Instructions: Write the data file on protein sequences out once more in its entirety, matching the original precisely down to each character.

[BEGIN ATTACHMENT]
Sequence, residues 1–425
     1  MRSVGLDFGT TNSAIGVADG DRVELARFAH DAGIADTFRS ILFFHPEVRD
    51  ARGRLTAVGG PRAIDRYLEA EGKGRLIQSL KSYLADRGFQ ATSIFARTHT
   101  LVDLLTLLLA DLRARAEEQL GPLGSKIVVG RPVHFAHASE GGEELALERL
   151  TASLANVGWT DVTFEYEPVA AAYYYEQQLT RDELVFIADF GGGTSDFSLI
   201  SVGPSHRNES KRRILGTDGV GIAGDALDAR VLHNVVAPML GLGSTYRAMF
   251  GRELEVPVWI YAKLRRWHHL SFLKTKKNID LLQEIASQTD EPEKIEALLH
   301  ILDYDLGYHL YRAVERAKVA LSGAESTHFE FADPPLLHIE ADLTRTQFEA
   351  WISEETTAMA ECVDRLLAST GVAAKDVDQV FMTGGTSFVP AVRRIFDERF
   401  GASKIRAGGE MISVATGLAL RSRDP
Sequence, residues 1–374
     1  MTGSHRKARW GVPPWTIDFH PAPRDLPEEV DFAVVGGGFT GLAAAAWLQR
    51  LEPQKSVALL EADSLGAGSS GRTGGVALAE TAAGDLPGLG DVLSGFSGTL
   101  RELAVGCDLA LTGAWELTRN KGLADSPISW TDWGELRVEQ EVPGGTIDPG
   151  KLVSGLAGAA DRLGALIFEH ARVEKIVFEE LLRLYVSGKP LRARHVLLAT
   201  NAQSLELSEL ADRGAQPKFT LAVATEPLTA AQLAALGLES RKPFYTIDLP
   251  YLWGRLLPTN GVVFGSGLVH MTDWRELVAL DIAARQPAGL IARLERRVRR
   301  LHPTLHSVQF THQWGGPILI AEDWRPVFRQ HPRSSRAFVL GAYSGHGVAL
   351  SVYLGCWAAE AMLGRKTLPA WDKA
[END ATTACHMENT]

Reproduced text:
Sequence, residues 1–425
     1  MRSVGLDFGT TNSAIGVADG DRVELARFAH DAGIADTFRS ILFFHPEVRD
    51  ARGRLTAVGG PRAIDRYLEA EGKGRLIQSL KSYLADRGFQ ATSIFARTHT
   101  LVDLLTLLLA DLRARAEEQL GPLGSKIVVG RPVHFAHASE GGEELALERL
   151  TASLANVGWT DVTFEYEPVA AAYYYEQQLT RDELVFIADF GGGTSDFSLI
   201  SVGPSHRNES KRRILGTDGV GIAGDALDAR VLHNVVAPML GLGSTYRAMF
   251  GRELEVPVWI YAKLRRWHHL SFLKTKKNID LLQEIASQTD EPEKIEALLH
   301  ILDYDLGYHL YRAVERAKVA LSGAESTHFE FADPPLLHIE ADLTRTQFEA
   351  WISEETTAMA ECVDRLLAST GVAAKDVDQV FMTGGTSFVP AVRRIFDERF
   401  GASKIRAGGE MISVATGLAL RSRDP
Sequence, residues 1–374
     1  MTGSHRKARW GVPPWTIDFH PAPRDLPEEV DFAVVGGGFT GLAAAAWLQR
    51  LEPQKSVALL EADSLGAGSS GRTGGVALAE TAAGDLPGLG DVLSGFSGTL
   101  RELAVGCDLA LTGAWELTRN KGLADSPISW TDWGELRVEQ EVPGGTIDPG
   151  KLVSGLAGAA DRLGALIFEH ARVEKIVFEE LLRLYVSGKP LRARHVLLAT
   201  NAQSLELSEL ADRGAQPKFT LAVATEPLTA AQLAALGLES RKPFYTIDLP
   251  YLWGRLLPTN GVVFGSGLVH MTDWRELVAL DIAARQPAGL IARLERRVRR
   301  LHPTLHSVQF THQWGGPILI AEDWRPVFRQ HPRSSRAFVL GAYSGHGVAL
   351  SVYLGCWAAE AMLGRKTLPA WDKA